20090323, 18:22  #1 
Noodles
"Mr. Tuch"
Dec 2007
Chennai, India
3·419 Posts 
Elliptic Curve Arithmetic
We know that for Elliptic Curves, the group order #E lies somewhere between
and That is [#E]P = O, where P is any point on Elliptic Curve in a finite field and O is the point at infinity, the product of P with scalar #E is O. Group order is the number of points in the elliptic curve (mod p), where p is prime. Elliptic Curves are given by using the equation 1) What is the best coordinate system to use for Elliptic Curve Factorization Algorithm? (a) Affine Coordinates (X, Y), z = 1. (b) Projective Coordinates (X, Y, Z) corresponding to (X/Z, Y/Z) (0,1,0) is the point at infinity (c) Modified Projective Coordinates (X, Y, Z) corresponding to (X/Z², Y/Z³) (d) Montgomery Coordinates (X, Z) If the group order #E is (B1,B2) smooth, then [k#E]P = O (mod p) but not O (mod N). Since point at infinity is determined by using the Z coordinates, pGCD(Z,N). The Z coordinate (mod p) would then be degenerate for any multiple of k#E, i.e. remain at 0. k#E is the LCM of all numbers upto B1, and a second stage continuation upto B2, (by using multiples of difference between the consecutive primes between B1 & B2). 2) It is given that, if we choose a curve like this: then (mod p) the group order of this curve will always be a multiple of 12? I tried to implement it, but it is always a multiple of 4 only, not 12. Although it is often more likely to be smooth.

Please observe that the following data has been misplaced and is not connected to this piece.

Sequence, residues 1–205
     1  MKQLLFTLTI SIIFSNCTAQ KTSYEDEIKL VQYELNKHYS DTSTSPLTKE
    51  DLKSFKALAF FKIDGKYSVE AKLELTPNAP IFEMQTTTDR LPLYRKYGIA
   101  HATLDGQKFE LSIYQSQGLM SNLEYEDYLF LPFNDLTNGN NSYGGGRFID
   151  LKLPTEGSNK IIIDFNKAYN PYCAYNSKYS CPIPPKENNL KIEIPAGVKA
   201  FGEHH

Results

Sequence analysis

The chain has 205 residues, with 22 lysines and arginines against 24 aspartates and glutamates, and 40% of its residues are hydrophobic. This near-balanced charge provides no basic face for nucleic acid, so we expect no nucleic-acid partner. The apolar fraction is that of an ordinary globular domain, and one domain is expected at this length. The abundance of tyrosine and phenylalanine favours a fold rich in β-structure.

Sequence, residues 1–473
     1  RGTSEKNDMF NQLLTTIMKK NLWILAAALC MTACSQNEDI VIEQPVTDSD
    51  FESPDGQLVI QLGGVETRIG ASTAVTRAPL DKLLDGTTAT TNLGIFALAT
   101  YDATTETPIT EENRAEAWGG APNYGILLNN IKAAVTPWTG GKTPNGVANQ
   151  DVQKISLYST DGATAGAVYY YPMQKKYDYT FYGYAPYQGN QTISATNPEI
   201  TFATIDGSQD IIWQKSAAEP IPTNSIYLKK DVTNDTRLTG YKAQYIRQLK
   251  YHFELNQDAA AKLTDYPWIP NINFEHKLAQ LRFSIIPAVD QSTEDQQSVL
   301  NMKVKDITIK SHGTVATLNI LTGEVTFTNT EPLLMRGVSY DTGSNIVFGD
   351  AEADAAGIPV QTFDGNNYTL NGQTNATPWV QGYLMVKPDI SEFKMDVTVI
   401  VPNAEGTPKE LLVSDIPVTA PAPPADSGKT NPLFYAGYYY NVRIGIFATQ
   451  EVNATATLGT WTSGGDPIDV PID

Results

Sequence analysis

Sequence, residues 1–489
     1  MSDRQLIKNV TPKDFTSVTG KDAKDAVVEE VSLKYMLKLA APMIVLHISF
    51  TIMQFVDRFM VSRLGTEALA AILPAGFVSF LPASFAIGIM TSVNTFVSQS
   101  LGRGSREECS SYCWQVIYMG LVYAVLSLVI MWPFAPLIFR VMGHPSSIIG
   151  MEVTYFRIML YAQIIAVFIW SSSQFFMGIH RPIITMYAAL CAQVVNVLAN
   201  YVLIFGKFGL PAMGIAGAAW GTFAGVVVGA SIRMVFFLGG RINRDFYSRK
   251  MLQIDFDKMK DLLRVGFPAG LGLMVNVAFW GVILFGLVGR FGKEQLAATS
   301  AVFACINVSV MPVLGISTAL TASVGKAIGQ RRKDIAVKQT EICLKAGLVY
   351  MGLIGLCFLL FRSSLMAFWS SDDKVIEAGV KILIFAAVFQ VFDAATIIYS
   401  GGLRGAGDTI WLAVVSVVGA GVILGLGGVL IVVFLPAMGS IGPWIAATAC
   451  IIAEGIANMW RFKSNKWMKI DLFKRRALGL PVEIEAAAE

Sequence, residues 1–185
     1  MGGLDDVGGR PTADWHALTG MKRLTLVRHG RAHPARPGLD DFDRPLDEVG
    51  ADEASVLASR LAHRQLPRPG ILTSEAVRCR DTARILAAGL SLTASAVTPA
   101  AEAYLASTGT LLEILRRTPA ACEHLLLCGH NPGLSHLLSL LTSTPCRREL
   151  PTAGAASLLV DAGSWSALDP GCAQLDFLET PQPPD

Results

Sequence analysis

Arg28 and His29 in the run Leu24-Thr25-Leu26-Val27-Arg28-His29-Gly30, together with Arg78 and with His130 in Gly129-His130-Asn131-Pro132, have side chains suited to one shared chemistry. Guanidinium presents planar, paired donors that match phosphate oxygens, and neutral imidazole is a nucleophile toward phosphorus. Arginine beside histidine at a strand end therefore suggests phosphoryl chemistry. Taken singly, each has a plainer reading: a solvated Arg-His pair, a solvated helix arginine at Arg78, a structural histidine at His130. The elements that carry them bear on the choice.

20090323, 18:48  #2 
Noodles
"Mr. Tuch"
Dec 2007
Chennai, India
3·419 Posts 
Need help with Elliptic Curve Addition
It is given that two points in an Elliptic curve over finite field can be added by using the following formula: Affine coordinate system, which makes it an Abelian group
where where the slope m = I have implemented that in Affine.java Take any random elliptic curve Code:
(0,83) (0,14) (1,83) (1,14) (2,69) (2,28) (4,81) (4,16) (5,92) (5,5) (6,55) (6,42) (7,85) (7,12) (9,72) (9,25) (10,33) (10,64) (11,35) (11,62) (14,93) (14,4) (15,89) (15,8) (16,69) (16,28) (17,57) (17,40) (18,44) (18,53) (21,67) (21,30) (27,89) (27,8) (28,95) (28,2) (30,54) (30,43) (32,7) (32,90) (33,93) (33,4) (35,68) (35,29) (36,81) (36,16) (37,88) (37,9) (38,82) (38,15) (41,77) (41,20) (44,49) (44,48) (45,22) (45,75) (46,1) (46,96) (47,52) (47,45) (50,93) (50,4) (51,87) (51,10) (55,89) (55,8) (56,34) (56,63) (57,81) (57,16) (58,38) (58,59) (59,19) (59,78) (62,91) (62,6) (64,52) (64,45) (67,17) (67,80) (68,38) (68,59) (69,0) (71,94) (71,3) (73,49) (73,48) (77,49) (77,48) (78,7) (78,90) (79,69) (79,28) (80,76) (80,21) (81,44) (81,53) (83,52) (83,45) (84,7) (84,90) (85,41) (85,56) (87,51) (87,46) (90,65) (90,32) (94,47) (94,50) (95,44) (95,53) (96,83) (96,14) Group Order is 114 I want to calculate [3]P (1,14) + (1,14) = (47,45) (1,14) + (47,45) = (1,14) I am getting back P, so [3]P = P? [2]P = O. Well, it happens for every point in my implementation: (0,14) + (0,14) = (85,56) (0,14) + (85,56) = (0,14) Where am I going wrong? Well, even I don't get [#E]P = O. Let P = (1,14) [2]P = (47,45) [4]P = (57,16) [8]P = (15,89) [7]P = [8]P  P = (15,89) + (1,83) = (2,28) [14]P = (21,30) [28]P = (67,80) [56]P = (36,16) [57]P = [56]P + P = (36,16) + (1,14) = (6,42) [114]P = (81,44) Help me up, right up that way. 
20090323, 19:56  #3 
Noodles
"Mr. Tuch"
Dec 2007
Chennai, India
10011101001_{2} Posts 
Oops, sorry that I missed that minus sign in my implementation for